Suddenly Schizophrenic at 78 – A Medical Mystery

Have you ever feared you might go insane? Perhaps you had a relative it happened to? Perhaps you worried about genetics?

In my case, it was an aunt of mine. I’ll call her Helga. When I was young, we’d see her for family holidays. She was fine then, married to a man she adored. She was an artist, a good one, who sold her paintings and taught art students on the side. I was impressed because she had a career at a time when that was extremely unusual. She had a daughter I liked and a chihuahua I hated (probably the only dog I’ve ever met I didn’t like).

Then I grew up and moved east and didn’t see her for almost three decades. Some time after her husband died in 1985, Helga became paranoid. She started thinking the neighbors were talking about her. Soon she was convinced they were shooting at her. 

By the time I saw her again, 10 years later, Helga believed she was under constant attack by a “them” she never saw. She had bedtime rituals, e.g. wrapping towels around her head and setting up tin foil, to try to protect herself enough to get at least a tiny bit of sleep. Her neighbors in the senior apartment where she lived the last 10 years of her life reported middle-of-the-night screams from her. She lived with this mental agony for 15 years.

My mother died a few years after Helga, and when I was clearing out mom’s house — I found a big stack of journals written by Helga. From 1937 – 1997, she wrote down her thoughts. I read them because I wanted to see how it happened. How mental illness slowly moved into her mind. Perhaps I wanted to find early warning signs so I could watch out for them in myself.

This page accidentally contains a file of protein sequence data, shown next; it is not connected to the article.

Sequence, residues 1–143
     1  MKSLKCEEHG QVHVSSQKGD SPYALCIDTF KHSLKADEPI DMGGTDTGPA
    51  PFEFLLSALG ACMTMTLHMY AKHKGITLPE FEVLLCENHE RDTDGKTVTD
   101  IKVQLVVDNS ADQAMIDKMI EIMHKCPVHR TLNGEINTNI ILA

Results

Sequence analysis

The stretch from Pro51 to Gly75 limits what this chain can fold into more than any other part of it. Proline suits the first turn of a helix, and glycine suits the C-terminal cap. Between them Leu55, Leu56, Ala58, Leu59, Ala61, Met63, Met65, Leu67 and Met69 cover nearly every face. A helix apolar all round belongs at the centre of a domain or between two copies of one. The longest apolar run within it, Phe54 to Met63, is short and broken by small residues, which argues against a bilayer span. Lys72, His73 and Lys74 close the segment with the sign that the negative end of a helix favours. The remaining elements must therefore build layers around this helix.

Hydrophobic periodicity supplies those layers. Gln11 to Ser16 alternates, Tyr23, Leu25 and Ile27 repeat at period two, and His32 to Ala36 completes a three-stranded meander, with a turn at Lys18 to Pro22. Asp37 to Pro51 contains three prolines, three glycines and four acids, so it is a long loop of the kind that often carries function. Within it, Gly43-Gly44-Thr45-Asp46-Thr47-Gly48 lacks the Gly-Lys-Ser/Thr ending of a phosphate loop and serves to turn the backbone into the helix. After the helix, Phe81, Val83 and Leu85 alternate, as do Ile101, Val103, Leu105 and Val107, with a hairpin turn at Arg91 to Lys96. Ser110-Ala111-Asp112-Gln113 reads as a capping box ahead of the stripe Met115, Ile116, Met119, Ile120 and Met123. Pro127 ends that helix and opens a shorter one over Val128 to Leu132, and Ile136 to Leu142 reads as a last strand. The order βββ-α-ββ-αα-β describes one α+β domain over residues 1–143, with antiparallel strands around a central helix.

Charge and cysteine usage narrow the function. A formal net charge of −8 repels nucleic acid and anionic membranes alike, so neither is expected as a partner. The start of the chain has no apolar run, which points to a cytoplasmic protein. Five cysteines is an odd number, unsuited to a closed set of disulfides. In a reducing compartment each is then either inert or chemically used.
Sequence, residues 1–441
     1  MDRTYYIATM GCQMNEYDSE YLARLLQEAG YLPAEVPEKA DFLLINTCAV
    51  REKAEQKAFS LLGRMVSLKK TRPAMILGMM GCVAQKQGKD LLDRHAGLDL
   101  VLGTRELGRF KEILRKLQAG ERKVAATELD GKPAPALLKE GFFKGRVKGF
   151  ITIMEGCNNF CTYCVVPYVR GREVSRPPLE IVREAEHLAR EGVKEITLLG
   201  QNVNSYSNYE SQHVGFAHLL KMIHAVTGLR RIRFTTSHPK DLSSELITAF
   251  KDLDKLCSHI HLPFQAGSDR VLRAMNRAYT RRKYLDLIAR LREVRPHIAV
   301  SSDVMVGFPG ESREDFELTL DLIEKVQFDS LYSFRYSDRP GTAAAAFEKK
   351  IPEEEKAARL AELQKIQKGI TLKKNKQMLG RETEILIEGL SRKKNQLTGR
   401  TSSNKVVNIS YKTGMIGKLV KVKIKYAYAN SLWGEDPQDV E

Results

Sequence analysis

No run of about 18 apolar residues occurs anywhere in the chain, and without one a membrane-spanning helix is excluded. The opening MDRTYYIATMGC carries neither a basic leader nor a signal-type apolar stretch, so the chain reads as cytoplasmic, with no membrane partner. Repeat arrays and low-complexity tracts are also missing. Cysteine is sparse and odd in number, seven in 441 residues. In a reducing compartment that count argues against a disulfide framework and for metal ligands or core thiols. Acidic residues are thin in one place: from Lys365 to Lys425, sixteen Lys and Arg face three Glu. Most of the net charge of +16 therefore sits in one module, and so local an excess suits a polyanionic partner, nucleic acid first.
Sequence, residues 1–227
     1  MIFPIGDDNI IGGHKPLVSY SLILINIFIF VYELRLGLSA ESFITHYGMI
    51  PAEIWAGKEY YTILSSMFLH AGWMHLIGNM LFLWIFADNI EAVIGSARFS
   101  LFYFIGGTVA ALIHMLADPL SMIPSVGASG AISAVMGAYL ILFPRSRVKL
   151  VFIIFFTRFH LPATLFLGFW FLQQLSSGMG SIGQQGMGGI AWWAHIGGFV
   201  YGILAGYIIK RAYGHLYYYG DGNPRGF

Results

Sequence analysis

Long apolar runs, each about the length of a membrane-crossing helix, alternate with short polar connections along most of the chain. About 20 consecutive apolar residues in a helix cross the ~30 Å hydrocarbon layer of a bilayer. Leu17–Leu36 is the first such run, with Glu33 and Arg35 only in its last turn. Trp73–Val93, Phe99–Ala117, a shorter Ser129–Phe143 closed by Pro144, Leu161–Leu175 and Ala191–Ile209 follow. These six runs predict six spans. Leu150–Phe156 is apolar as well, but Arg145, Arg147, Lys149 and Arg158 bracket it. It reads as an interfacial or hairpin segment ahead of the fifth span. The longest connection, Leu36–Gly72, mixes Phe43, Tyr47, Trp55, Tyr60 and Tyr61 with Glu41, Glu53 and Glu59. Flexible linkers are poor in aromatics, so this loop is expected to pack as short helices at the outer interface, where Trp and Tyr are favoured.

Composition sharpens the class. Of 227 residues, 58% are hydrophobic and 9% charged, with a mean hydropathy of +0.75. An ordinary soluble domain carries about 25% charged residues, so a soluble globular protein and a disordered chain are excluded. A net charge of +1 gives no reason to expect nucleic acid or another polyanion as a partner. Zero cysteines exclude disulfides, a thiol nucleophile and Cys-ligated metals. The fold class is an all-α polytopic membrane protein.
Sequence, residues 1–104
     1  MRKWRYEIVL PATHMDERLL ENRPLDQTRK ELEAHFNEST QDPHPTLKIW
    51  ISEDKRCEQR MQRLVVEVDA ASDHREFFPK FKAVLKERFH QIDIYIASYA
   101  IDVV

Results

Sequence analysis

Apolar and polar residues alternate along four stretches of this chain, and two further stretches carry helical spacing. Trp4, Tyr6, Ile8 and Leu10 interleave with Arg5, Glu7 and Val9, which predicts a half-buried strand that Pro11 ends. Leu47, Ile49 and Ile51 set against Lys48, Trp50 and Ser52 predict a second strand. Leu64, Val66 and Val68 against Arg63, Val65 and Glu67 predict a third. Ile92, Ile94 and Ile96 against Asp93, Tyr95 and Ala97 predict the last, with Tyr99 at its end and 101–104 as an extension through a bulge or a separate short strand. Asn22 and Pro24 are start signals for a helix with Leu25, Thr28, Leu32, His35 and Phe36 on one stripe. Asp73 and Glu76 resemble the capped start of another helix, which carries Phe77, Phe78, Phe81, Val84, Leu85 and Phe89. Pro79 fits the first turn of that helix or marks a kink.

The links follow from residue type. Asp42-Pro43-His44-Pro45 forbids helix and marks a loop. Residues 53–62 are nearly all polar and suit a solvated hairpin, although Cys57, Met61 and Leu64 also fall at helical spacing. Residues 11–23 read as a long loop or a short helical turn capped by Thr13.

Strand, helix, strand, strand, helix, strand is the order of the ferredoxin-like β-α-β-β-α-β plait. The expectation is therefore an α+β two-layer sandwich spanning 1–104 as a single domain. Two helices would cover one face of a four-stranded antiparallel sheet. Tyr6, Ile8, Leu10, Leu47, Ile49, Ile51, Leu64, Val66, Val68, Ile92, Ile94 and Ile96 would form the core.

Instead I found the most amazing thing: Helga was sane until age 78, then suddenly she wasn’t.

What you may not know about schizophrenia

Your risk of getting schizophrenia increases based on how many family members have it and how close (genetically) they are to you. For example, a niece of someone who has it has a 4% chance of getting it herself. (Gulp!) If a sibling has it, your risk is 9%, while if it’s one of your parents your risk is 13%.

However… the good news for readers of this blog is your risk factor(s) may not matter much if you’re already 55+ and haven’t experienced it. Your risk at this age is very close to zero.

The average age of onset for schizophrenia is 18 in men and 25 in women. According to, “Schizophrenia onset is quite rare for people over 40 years of age.” If you look at their chart of onset by age, you will see it is almost impossible for a 78-year-old woman to suddenly get it.

Sadness at her husband’s death started a parade of prescriptions

From 1937 until March 1985, Helga’s journals covered her happiness in the small pleasures of life. She wrote about food, her painting, her painting students, TV programs she liked, and especially her family.

Her beloved husband died in March 1985, so for the next several months she occasionally mentioned crying herself to sleep at night from missing him. It also signaled a new problem with money. She found herself with debts as well as a social security income that was reduced to $388/month (all she had to live on). She sold the car, which left her even more socially isolated. When her color TV broke, she made do with her old B&W one.